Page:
One of my favourite books, that I always find myself going back to, explores just this idea. Landmarks by Margaret Silf is like a guide to making your own guide for life, it is a way of digging down into your own personal route map. A way of looking back at where you have been, looking honestly at where you are now and setting a course for the future.
I started reading the book when I will thinking about a gigantic change in my life and hesitating over whether to put myself forward for ordained ministry. More than anything at that time I really need to dig down in to what I was really about as a person, what made me tick, where on earth I was going.
It opens with a depiction of what it means to be a person which made so much sense to me that I find it often pops up again when I am thinking about my life. Here is a little diagram from the book:
What really struck me about this was that we spend so much time trying to change our life by changing the outer 'where' circle. You know the way - 'If only I had this new job then I would be different, feel different' or 'If only I had this new relationship, or got out of this old one, then I would be happy'. So often though, when you move, you find that unfortunately you have followed yourself to this new location and set of circumstances and it feels quickly just the same as the old ones.
That is of course not to say that changing things in life is always meaningless or pointless, I am currently reaping the benefits of a massive lifestyle change that reading Landmarks spurred me on to, but rather that we need to understand that real change occurs at the 'Who' level at the base of who we really are. Only attending to our real selves will make the difference that we crave. Only knowing our deepest desires, and understanding them, will we be able to make the good choices for our lives that really move us on towards having the things in life we crave.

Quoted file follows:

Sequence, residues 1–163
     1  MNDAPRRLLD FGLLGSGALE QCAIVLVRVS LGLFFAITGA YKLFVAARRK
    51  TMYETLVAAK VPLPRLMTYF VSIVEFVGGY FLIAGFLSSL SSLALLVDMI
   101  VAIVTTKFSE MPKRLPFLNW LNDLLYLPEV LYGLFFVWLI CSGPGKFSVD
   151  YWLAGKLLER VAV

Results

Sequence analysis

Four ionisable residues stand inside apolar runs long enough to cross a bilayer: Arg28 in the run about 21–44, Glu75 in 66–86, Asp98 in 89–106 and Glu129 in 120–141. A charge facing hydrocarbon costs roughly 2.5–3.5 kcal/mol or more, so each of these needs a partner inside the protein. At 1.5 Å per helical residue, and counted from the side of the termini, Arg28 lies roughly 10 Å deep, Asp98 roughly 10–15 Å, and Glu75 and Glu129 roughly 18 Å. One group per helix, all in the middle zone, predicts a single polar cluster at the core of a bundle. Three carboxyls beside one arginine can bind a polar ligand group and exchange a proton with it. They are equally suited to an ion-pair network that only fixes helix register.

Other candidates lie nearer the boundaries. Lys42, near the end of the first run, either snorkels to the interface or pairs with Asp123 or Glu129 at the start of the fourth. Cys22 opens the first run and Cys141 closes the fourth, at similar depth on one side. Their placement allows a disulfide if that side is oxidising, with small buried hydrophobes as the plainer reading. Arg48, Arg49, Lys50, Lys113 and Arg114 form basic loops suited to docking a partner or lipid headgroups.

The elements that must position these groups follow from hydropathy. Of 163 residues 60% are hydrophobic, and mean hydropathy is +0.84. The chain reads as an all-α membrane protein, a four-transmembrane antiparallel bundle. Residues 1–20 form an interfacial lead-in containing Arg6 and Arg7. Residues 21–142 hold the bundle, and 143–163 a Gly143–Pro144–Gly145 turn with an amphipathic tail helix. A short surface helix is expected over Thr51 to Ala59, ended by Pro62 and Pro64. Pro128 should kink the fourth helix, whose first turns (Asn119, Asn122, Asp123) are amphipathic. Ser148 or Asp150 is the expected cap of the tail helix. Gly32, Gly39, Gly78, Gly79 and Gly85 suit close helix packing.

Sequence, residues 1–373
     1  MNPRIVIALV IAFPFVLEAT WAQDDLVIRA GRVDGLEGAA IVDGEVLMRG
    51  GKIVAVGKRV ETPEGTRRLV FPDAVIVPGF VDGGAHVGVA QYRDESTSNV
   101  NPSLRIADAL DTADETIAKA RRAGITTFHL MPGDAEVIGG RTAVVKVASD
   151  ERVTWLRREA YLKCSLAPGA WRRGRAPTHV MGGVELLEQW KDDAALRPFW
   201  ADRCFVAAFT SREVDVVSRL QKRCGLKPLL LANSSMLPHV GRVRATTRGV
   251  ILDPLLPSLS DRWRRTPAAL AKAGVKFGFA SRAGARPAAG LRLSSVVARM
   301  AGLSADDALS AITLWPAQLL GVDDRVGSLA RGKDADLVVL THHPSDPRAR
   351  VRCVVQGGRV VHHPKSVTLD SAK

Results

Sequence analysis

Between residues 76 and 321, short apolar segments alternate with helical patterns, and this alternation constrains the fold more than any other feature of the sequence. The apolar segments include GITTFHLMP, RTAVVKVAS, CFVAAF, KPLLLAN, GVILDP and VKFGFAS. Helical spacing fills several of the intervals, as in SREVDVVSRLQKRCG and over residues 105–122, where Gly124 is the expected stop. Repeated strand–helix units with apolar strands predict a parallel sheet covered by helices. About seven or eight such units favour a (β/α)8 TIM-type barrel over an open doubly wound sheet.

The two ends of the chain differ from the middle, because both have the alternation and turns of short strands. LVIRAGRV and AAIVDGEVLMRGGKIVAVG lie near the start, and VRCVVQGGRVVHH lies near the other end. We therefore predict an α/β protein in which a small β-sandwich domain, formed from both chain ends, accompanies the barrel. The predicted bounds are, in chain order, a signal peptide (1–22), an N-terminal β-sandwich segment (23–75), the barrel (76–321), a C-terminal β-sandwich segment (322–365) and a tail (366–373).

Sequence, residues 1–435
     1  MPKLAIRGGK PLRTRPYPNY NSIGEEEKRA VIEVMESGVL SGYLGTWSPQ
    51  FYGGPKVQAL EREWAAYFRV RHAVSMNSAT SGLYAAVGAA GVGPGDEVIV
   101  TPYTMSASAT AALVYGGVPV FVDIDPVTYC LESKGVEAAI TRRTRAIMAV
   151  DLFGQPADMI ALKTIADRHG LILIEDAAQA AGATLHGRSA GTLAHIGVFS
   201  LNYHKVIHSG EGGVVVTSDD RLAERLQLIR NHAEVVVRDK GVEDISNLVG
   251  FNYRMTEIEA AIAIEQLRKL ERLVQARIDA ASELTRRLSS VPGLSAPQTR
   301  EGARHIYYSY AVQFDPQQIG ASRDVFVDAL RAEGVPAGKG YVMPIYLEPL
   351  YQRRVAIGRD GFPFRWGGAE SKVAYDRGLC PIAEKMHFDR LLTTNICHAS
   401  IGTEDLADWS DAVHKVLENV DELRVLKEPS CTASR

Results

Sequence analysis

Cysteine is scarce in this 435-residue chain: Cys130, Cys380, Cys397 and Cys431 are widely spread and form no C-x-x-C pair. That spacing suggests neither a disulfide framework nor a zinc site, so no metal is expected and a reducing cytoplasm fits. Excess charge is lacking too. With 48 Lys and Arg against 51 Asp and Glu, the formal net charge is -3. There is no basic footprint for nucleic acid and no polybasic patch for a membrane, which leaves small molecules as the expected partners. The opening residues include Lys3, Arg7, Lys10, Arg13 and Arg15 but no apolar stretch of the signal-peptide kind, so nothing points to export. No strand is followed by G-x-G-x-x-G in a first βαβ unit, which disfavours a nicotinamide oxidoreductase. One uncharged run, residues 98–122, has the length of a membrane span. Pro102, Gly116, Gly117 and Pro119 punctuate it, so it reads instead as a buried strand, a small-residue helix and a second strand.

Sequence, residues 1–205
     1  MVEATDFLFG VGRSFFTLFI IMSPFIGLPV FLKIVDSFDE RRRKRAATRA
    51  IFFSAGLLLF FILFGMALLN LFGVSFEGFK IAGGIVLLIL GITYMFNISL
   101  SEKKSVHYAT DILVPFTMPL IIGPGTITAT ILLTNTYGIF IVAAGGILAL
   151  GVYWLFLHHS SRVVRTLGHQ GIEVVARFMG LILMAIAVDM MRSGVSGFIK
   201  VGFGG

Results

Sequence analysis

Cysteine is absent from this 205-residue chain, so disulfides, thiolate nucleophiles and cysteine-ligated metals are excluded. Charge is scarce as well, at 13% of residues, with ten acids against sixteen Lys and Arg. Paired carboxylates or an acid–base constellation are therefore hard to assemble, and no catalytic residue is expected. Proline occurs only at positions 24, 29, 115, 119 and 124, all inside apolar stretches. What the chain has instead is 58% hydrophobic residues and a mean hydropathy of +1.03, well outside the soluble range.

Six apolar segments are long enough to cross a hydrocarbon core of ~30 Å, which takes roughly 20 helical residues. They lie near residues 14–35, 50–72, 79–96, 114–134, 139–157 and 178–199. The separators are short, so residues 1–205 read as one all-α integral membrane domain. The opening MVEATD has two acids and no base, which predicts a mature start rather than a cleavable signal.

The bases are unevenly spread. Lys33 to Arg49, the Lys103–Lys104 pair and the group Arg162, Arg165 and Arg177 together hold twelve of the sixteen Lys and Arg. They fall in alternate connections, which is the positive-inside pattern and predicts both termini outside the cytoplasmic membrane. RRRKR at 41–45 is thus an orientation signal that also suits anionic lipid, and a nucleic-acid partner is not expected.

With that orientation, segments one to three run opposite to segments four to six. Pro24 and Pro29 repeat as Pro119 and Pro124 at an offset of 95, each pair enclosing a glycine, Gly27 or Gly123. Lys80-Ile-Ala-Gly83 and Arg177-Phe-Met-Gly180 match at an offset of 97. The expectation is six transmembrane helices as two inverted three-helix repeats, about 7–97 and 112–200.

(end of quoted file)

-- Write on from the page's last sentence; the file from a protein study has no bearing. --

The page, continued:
Landmarks is eminently practical. Each chapter ends with ideas for reflection and it is very much take it or leave it as it appeals to you. It is based on a Christian meditative practice, the Ignatian method, but is broad and generous in its approach. It definitely takes as a given that there is a God factor in this whole thing but makes little presumption about how you might understand God so there is plenty of room to explore whether you consider yourself religious or really just not very sure!
Now I am in a new season I find myself going back to Landmarks again. Wondering, exploring and having another look at my own deep desires and internal route map. Even for an activist like me time spent reflecting in this way pays of in spades. If you pick up Landmarks do let me know what you think, and I hope it helps you a little on your way too.